Lynsey Baxter greeted me with a warm smile and offer to take a seat in her cosy office. She turned away from her computer to focus fully on me for our interview, just as she would with any client.
“Lovely to have you here,” she greeted me warmly. As a nutritional health consultant, she maintains an open and welcoming approach, something she deeply values. For this young-at-heart mother of three, the personal touch is important for her new role in the health sector.
A classic start in finance
“Like a lot of people, I didn’t plan on staying in Luxembourg. I got a great temporary assignment as a project manager back in 1999 with a financial institution. That turned into nine months, then into a full-time job,” Lynsey recounted her beginnings in Luxembourg. At that time, she told me, she was young, looking for a start in the world, and open for adventure on the Continent.
It was a dream assignment: all expenses paid, training provided and a lot of fun, but also hard work that Lynsey dedicated herself to. “I started at the bottom and moved up the ladder and then moved into an Assistant Manager role, at another bank.” In this second job, while on assignment in Dublin, the New Zealand-born UK national met her husband. She came back to Luxembourg pregnant with her first child.
When she returned to work after her leave, she switched companies and enjoyed a long stint in a back-office function. “It was stable work, consistent, but not very challenging,” Lynsey recollected.
Expanding her horizons
When I asked about how that job was for her, she admitted, “the career trajectory wasn’t so good anymore. It was hard to get training and develop my career.” Acknowledging that the role wasn’t very stimulating and that new jobs were going to younger, cheaper people, she wasn’t sure of her professional outlook. She saw the unhappiness in her colleagues and knew that she didn’t want to face the same fate.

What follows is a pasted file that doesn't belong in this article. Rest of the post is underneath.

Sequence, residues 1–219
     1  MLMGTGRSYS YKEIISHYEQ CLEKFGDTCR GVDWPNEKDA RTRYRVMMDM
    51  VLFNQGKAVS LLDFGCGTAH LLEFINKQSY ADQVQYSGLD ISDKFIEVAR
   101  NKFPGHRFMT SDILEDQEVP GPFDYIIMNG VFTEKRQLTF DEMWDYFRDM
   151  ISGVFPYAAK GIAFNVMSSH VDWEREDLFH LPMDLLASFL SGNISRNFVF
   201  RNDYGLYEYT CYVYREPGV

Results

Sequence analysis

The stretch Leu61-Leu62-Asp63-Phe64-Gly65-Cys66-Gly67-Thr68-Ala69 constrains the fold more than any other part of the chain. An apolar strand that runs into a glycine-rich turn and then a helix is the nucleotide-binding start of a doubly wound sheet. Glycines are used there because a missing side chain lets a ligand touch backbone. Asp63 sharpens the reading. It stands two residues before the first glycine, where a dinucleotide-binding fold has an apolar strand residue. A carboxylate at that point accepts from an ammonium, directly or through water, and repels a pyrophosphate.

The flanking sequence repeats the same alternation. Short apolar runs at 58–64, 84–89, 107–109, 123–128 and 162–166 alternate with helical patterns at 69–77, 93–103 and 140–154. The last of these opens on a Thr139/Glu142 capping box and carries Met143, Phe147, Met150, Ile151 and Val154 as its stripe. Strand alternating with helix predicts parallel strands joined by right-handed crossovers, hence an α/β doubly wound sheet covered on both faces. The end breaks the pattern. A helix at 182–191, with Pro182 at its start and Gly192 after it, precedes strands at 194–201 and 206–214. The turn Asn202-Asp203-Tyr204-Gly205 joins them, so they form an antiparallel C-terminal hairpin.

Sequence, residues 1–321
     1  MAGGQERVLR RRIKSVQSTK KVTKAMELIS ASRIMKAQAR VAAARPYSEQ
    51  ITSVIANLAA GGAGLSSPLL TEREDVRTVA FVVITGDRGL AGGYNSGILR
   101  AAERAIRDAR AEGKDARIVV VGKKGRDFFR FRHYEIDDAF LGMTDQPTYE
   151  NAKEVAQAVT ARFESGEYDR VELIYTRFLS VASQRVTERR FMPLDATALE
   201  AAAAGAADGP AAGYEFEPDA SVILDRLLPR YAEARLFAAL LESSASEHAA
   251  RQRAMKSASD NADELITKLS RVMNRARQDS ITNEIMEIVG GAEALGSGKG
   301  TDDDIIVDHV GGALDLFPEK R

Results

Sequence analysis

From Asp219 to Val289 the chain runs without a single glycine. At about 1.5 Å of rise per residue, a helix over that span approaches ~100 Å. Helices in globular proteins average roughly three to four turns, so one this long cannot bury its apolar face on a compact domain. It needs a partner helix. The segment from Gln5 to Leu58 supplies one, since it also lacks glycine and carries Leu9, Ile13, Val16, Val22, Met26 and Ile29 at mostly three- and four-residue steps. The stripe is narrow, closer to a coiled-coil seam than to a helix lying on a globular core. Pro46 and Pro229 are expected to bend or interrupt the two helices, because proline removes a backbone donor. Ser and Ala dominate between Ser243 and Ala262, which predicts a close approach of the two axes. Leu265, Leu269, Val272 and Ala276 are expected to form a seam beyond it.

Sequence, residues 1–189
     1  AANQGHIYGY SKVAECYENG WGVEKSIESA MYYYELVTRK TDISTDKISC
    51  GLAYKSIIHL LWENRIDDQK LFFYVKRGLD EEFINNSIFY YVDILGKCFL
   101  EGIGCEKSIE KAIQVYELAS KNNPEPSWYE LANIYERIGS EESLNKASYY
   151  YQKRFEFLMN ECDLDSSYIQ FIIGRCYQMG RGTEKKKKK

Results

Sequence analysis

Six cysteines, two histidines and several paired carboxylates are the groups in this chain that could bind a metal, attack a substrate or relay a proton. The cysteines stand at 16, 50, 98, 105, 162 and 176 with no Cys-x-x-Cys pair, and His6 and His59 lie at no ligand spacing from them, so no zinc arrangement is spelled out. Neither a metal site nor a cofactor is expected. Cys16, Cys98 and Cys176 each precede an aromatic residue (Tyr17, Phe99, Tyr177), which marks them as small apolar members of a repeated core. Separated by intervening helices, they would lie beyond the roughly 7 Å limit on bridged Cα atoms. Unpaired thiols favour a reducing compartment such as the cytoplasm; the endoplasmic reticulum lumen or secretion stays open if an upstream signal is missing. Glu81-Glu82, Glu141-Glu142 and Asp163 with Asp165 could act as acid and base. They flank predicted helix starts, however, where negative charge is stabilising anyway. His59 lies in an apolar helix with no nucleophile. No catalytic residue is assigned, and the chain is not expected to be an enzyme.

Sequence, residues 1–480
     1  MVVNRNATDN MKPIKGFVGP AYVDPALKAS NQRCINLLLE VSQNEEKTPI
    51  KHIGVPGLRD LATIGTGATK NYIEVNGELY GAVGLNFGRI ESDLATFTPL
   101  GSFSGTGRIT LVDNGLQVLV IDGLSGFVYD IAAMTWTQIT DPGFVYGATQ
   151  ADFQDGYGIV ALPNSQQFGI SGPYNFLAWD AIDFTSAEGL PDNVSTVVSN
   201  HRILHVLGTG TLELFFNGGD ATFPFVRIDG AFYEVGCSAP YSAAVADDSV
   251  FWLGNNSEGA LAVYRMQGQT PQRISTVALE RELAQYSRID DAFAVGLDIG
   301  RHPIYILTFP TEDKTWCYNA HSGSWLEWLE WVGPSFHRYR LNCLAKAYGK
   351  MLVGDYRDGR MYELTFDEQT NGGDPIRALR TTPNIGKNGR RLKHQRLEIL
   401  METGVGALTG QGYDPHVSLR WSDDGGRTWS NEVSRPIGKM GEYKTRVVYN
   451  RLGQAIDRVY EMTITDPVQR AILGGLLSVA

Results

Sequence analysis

She started to pursue other interests, got a certificate in nutritional hypnotherapy and began to build a side business. This proved useful later on when the company restructured, her hours reduced, and positions eliminated. Lynsey used it as a way to finally break out of finance. With two more children, she also needed more flexibility in her schedule.
She was able to get a position in a chiropractor’s office as a receptionist and use his office for her own fledgling practice. “I didn’t find the job over ADEM; I was lucky to find my own job and make this arrangement with my boss.”
Passion and career collide
Then in early 2018, the job at the chiropractor’s ended and she was no longer eligible for any support or advice from ADEM. She made the final leap and set up her sole trader-ship. “The House of Entrepreneurship was really helpful,” she recalled, “but it was tough and I wish there was some financial support for people going into their own business.”
Lynsey and her husband tightened their belts and prepared themselves for a new, risky reality. “We’re watching our spending, which isn’t fun, but, at least I get to see my kids when they get off the bus. And I’m in a job where passion and career collide,” she smiled and gestured around her office, her own little domain.
Striking out on her own has been tricky, but she has great support from the expat community. “I’ve made amazing friends, and the women here really have each other’s backs. It’s a whole different experience and a whole new world.” And that is what we wish you Lynsey, a world of happy clients pursuing a healthy lifestyle under your guidance at All About You.
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Amy Amann is a consultant, trainer and coach supporting leaders to create strong organisations and teams. A long-term expat herself, she believes in the potential for a truly diverse and open society. She is currently the Vice President of The NETWORK, advancing professional women in Luxembourg.
Written by Amy Amann to see the original publication please click here: https://today.rtl.lu/news/business-and-tech/1196778